Donatello’s First Statue of David: One of the Most Significant Sculptures of Renaissance Period
The story of David comes from the first book of Samuel chapter seventeen in the Old Testament of the Bible. It is about a young man named David, who is brave enough to take on this terrible giant, named Goliath. Goliath is a great Philistine warrior who comes out to the battle lines and challenges the armies of Israel to come and fight him. However, all of the men were too fearful of confronting this enemy. Meanwhile, young David is there to check on his older brothers and overhears this challenge from Goliath. It offends him that Goliath is challenging the people of Israel and God. As a result, David steps up to the challenge – all without any armor to protect him. The men who are present all think this to be a horrible idea. After all, Goliath is an experienced soldier, wearing strong armor and carrying a sword, spear, and javelin. However, there was one thing David had that Goliath did not – the living God on his side. David steps forward, takes his sling and hurtles a stone at Goliath’s head, causing him to fall.
To the Florentine people, this was not merely King David from the Bible. There was a wide range of affiliations. First of all, David in the scriptural story vanquishes his enemy – even though he is the underdog. He overcomes his enemy with God’s help. The Florentine people felt as though they related to David because, like David, they had defeated their adversary, the Duke of Milan, with the assistance of God. Thus, Goliath assumes the role of the Duke of Milan. Milan was altogether stronger than Florence, which was a trade culture, as opposed to military power. Florence was, of course, a republic whereas Milan was totalitarianism. That is, it had a single ruler. So David became a representation of the Florentine Republic. Anybody seeing this figure in the fifteenth century would have understood David as a reference to the freedoms and the liberties that were so cherished by the Florentine people. Donatello did the first statue of David that came onto the scene in the mid-1400s. Donatello’s David is oftentimes viewed as one of the most significant sculptures of the early Renaissance because it was the first free-standing nude sculpture since classical antiquity – a significant accomplishment.
In the Renaissance, the figure looked remarkably alive, given how medieval sculpture had looked for so long. It is disconnected from any figural group or architecture; thus, there is a sense of autonomy – as though this figure could move forward voluntarily. The figure is referencing the classical in another manner, as well as in its material nature. The statue is bronze, mostly copper with a bit of tin added to it to give it strength. David is youthful, and it is hard not to see a sort of sensuality in the manner that David puts his hand on his hip and looks down. What’s more, the way that he’s wearing boots and a hat, and is generally naked, there’s a sort of eroticism there. That is particularly clear if you look at the way that David is standing on the now severed head of Goliath. In fact, in his right hand, he’s holding Goliath’s very own sword which David has used. However, since he is standing on the head that pushes his leg up, one of the wings of the helmet is riding up the inner thigh, perhaps too high. So there is a sort of over-sexuality here. It is so interesting because it is at odds with the civic symbolism of this sculpture. This was a sculpture that was important to the city of Florence. And yet, it has this very intimate quality to it.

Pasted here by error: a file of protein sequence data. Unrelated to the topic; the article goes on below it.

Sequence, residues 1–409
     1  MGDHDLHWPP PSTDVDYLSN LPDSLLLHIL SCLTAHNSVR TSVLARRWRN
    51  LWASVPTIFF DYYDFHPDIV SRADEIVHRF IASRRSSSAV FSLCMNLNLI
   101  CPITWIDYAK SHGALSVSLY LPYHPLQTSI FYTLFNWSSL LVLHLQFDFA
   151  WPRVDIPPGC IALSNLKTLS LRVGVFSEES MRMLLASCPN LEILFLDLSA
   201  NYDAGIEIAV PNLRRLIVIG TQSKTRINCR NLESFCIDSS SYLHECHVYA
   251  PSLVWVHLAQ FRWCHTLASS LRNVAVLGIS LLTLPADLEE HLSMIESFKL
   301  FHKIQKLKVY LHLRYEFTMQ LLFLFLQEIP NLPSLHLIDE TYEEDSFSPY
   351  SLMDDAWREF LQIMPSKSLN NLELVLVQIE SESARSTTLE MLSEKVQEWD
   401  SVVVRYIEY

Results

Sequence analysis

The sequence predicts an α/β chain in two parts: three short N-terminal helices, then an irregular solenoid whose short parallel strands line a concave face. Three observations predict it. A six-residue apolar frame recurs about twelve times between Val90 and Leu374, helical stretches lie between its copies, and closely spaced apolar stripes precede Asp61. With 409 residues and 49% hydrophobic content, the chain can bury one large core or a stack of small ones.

In this sculpture is this embodiment of the promise of a long rule. In the Bible, David grows up to be king and to be enormously wise. It was a perfect story for the people to put forward as a representation, not only of the city but specifically of their own rule within the city. In other words, they are identifying themselves as the city of Florence and identifying themselves with youthfulness, with King David, and with all that is great about the Florentine Republic. And although this is a sculpture that is about war, the symbols are clearly about David and peace. David wears a soft hat as opposed to the helmet of war that Goliath wears. David has severed Goliath’s head Goliath’s battle-hardened sword. And if the viewer is to look at that sword closely, they would be able to see that there are notches out of it – signifying that it has been in many, many battles. David needs to borrow it in order to sever the head. However, in David’s other hand, he holds a rock. Presumably, the rock that he used in the slingshot to take the giant down in the first place.
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